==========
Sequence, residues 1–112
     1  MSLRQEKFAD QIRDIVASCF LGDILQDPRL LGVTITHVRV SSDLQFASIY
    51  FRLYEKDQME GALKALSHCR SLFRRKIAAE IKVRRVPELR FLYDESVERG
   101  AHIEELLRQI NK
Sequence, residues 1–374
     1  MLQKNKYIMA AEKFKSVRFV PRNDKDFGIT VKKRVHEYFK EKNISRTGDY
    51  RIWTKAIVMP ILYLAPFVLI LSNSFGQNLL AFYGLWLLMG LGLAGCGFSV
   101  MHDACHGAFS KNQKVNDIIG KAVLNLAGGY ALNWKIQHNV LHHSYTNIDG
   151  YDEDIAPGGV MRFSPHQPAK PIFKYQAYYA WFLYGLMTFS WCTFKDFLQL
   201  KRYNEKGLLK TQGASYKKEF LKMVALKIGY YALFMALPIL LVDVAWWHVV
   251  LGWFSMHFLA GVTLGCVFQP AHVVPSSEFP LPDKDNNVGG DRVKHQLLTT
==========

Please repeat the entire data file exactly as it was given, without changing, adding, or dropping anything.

Sequence, residues 1–112
     1  MSLRQEKFAD QIRDIVASCF LGDILQDPRL LGVTITHVRV SSDLQFASIY
    51  FRLYEKDQME GALKALSHCR SLFRRKIAAE IKVRRVPELR FLYDESVERG
   101  AHIEELLRQI NK
Sequence, residues 1–374
     1  MLQKNKYIMA AEKFKSVRFV PRNDKDFGIT VKKRVHEYFK EKNISRTGDY
    51  RIWTKAIVMP ILYLAPFVLI LSNSFGQNLL AFYGLWLLMG LGLAGCGFSV
   101  MHDACHGAFS KNQKVNDIIG KAVLNLAGGY ALNWKIQHNV LHHSYTNIDG
   151  YDEDIAPGGV MRFSPHQPAK PIFKYQAYYA WFLYGLMTFS WCTFKDFLQL
   201  KRYNEKGLLK TQGASYKKEF LKMVALKIGY YALFMALPIL LVDVAWWHVV
   251  LGWFSMHFLA GVTLGCVFQP AHVVPSSEFP LPDKDNNVGG DRVKHQLLTT